A sports fishing boat capsized and sank Wednesday morning after colliding with a Maritime Self-Defense Force transport ship in the Seto Inland Sea off Otake, Hiroshima Prefecture, leaving two of the four men on board the leisure craft in critical condition, the Defense Ministry and the Japan Coast Guard said.
The owner of the boat and three other anglers were thrown into the water in the collision, which occurred at around 8 a.m.
They were rescued by the MSDF vessel, the 180-meter-long tank landing ship Osumi.
The owner of the small craft, Kiyoshi Takamori, 67, and Koji Otake, 66, were listed as unconscious and in critical condition, while the other two — Shoji Teraoka, 67, and Norito Fushida, 67 — were not injured, officials said. All four are from the city of Hiroshima.
One of the rescued men was quoted as telling Coast Guard officials investigating the incident that the leisure boat must have collided with the port side of the Osumi. The Coast Guard detected traces of the collision on the MSDF vessel’s hull.
The sea was calm and the weather fair when the accident occurred, the authorities said.
The Osumi was moving in about the same direction as the leisure boat and slowed down to make way for the boat when the accident occurred, a Defense Ministry official said.
Prime Minister Shinzo Abe, just back from a weeklong trip to the Middle East and Africa, said the government will “undertake an exhaustive investigation” into the cause of the accident.
“As the supervisor (of the MSDF), I find it highly regrettable that such an accident occurred,” Defense Minister Itsunori Onodera told a news conference. “We will cooperate fully with the Coast Guard investigation.”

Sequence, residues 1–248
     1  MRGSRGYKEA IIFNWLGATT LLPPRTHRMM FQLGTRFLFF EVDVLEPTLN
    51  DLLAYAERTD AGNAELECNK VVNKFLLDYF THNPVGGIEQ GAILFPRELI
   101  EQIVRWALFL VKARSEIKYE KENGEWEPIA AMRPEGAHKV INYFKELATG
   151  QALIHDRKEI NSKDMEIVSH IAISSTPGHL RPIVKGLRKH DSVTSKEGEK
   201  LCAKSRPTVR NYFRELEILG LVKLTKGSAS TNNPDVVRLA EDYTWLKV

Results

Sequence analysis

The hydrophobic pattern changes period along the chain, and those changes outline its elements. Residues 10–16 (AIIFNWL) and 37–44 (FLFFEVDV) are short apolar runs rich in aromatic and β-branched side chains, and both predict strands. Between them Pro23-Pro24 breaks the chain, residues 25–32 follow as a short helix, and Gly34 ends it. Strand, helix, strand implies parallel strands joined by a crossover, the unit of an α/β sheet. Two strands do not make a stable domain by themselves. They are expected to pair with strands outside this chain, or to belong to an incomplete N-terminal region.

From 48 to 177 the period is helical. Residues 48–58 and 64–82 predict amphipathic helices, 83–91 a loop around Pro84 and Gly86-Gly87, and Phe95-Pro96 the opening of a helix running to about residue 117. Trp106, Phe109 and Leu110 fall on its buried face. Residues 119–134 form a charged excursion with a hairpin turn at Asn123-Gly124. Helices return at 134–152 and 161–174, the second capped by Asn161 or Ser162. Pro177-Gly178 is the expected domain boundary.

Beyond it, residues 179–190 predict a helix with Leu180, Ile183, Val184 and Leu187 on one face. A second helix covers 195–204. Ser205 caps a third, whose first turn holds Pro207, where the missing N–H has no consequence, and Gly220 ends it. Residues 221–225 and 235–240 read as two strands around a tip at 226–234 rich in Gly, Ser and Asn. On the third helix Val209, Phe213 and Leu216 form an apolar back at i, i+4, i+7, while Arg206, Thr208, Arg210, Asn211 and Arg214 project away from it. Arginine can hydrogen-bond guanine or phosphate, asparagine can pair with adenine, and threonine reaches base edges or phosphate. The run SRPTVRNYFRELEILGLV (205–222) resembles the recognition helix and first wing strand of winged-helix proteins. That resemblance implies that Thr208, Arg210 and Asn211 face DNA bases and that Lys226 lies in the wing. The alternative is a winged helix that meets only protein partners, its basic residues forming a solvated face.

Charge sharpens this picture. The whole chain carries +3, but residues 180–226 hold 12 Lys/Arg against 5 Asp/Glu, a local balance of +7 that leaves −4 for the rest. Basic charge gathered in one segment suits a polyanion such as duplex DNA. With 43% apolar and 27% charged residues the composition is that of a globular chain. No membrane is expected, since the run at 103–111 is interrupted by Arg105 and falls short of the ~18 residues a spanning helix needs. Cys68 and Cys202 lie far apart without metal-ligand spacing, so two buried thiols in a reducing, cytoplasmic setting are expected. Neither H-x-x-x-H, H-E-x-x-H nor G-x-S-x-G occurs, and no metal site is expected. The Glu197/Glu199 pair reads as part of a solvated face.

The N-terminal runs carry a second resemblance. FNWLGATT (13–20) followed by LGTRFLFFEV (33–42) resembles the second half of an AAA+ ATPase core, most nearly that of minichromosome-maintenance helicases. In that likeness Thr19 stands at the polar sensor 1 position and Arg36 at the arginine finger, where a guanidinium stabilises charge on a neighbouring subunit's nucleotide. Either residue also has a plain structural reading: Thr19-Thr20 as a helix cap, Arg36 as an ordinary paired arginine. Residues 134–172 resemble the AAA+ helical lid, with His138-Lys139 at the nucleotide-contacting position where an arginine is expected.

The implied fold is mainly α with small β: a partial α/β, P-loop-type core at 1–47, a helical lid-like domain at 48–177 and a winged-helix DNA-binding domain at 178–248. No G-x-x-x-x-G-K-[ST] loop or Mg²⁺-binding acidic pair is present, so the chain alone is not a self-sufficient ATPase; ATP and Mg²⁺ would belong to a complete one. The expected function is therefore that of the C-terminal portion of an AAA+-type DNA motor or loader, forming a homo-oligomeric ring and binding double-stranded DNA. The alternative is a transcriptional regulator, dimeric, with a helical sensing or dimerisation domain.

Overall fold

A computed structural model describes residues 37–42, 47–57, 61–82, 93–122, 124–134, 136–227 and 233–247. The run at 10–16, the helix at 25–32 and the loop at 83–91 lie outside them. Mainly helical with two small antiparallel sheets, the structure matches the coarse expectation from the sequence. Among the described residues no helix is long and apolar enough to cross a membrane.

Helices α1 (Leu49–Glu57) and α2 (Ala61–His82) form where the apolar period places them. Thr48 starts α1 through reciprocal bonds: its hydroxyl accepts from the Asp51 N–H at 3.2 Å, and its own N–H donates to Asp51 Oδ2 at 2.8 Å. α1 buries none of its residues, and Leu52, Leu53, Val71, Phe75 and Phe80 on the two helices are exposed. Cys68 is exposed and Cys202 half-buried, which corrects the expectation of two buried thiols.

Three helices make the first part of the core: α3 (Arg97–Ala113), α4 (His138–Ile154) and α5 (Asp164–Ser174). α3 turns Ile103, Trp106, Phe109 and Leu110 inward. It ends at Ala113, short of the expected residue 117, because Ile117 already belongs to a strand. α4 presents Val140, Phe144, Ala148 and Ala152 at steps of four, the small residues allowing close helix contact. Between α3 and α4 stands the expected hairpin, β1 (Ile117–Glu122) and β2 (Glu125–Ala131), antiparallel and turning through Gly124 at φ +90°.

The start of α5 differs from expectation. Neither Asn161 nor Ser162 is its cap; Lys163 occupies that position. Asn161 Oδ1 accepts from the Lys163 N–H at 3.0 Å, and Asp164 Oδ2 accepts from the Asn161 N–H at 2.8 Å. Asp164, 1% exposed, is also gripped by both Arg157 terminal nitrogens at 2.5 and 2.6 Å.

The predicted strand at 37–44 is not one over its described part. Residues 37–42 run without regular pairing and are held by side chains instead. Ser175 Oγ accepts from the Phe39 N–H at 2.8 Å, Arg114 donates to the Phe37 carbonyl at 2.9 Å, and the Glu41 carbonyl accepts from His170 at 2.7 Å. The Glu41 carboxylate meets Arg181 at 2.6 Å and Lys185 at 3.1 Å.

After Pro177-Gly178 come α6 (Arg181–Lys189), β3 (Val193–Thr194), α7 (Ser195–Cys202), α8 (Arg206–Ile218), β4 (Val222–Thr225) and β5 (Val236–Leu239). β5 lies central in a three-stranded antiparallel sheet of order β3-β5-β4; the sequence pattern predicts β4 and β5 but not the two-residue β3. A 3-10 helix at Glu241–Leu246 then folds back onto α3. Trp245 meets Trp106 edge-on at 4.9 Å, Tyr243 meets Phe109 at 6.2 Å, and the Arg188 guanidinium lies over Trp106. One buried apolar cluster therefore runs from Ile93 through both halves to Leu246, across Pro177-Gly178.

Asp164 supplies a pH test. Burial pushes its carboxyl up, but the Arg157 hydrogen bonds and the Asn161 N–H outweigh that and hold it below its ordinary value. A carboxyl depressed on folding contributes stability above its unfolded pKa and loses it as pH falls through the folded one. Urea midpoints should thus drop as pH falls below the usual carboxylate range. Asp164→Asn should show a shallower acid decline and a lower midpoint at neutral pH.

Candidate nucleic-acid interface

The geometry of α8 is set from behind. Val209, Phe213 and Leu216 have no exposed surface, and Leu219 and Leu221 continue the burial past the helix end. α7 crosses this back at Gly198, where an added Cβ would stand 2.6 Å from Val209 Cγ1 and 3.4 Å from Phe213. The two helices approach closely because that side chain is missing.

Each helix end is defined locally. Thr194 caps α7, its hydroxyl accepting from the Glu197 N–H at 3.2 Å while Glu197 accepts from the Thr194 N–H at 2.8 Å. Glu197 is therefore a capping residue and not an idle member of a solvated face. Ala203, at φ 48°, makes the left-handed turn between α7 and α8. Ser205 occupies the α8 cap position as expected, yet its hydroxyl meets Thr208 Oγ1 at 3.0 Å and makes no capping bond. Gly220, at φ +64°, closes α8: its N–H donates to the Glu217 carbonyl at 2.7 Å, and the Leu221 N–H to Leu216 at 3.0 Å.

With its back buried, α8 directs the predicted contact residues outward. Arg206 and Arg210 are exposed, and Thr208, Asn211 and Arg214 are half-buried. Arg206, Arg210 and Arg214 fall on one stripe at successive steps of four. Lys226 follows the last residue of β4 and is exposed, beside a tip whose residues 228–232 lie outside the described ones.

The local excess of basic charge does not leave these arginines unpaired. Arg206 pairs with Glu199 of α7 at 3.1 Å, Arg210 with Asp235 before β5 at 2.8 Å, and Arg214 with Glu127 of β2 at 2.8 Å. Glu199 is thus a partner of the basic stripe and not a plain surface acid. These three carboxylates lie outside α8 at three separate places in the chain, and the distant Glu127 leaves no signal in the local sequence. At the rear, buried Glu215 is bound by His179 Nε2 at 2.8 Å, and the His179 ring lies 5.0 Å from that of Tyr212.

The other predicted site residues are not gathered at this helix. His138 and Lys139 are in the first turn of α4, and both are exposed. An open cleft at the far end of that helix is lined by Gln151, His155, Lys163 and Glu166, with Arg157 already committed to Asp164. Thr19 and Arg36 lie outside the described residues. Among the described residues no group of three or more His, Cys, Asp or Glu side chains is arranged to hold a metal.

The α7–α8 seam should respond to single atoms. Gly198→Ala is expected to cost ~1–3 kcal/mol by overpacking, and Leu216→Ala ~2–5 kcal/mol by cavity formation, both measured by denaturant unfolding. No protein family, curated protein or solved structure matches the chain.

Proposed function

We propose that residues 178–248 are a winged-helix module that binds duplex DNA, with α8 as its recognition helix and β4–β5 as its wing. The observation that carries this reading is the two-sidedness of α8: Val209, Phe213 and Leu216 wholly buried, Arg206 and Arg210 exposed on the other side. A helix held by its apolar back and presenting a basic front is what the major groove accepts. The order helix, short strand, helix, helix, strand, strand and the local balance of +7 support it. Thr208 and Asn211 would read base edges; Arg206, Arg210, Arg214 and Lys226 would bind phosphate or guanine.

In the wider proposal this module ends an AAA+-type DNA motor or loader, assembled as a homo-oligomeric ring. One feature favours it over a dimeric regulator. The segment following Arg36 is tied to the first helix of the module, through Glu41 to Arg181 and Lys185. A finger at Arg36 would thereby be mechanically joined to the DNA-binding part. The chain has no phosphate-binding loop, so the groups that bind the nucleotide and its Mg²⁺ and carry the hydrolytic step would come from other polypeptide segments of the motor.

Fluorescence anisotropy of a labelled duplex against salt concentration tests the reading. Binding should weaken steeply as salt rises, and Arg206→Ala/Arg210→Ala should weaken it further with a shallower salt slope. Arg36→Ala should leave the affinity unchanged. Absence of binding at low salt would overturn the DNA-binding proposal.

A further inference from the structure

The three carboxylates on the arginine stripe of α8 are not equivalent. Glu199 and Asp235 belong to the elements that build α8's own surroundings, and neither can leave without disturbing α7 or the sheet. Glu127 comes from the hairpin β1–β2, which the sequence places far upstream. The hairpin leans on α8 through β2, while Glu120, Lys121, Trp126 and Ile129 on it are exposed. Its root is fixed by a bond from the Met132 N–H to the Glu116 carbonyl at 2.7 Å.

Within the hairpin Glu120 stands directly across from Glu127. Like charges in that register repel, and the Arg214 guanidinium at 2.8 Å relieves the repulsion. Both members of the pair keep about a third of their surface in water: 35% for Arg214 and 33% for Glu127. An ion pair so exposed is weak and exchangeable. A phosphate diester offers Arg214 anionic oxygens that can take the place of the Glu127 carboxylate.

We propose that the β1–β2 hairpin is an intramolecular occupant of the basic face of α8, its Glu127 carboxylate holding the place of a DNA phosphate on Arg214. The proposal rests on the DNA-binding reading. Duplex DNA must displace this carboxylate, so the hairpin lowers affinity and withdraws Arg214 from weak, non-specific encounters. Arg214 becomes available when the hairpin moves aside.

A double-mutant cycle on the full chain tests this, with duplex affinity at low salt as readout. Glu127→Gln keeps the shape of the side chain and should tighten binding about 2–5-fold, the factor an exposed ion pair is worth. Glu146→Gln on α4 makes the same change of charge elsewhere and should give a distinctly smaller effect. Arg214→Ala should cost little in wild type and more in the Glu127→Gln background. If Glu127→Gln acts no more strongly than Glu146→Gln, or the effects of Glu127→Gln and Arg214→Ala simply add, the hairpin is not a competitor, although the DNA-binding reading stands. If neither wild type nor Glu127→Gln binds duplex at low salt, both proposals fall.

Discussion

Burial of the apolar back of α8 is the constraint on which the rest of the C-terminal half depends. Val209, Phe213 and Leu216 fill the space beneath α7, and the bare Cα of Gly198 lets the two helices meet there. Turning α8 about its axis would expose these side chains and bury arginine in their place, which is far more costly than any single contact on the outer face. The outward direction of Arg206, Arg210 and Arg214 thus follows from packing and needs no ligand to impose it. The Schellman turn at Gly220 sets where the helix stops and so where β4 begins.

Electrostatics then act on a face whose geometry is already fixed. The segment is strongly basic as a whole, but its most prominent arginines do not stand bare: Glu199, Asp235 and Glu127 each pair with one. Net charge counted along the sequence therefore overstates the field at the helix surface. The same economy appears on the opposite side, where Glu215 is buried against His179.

The prime minister’s office set up an emergency management office to deal with the incident, officials said.
The 8,900-ton Osumi was on its way to a shipyard in Okayama Prefecture for regular maintenance.
The vessel, which has a crew of 135, is equipped with medical facilities, and was dispatched to the Philippines in November for typhoon-relief work.
According to an official of a firm that operates ferries between the port of Otake and nearby Atata Island, the area is popular with sports fishermen.
The incident is the latest in a series of accidents between MSDF ships and private vessels.
In February 2008, the 7,750-ton destroyer Atago, equipped with the Aegis air defense system, collided with the 7.3-ton trawler Seitoku Maru off Chiba Prefecture. The father and son aboard the trawler were lost at sea.
The Tokyo High Court in June upheld a lower court acquittal of two MSDF officers over the collision. The ruling contradicted a January 2009 judgment by the Yokohama Maritime Accident Tribunal and a May 2009 Defense Ministry report that blamed the Atago for the collision, saying that because it saw the trawler to its right, it had a duty to avoid a collision under the Law for Prevention of Collisions at Sea.
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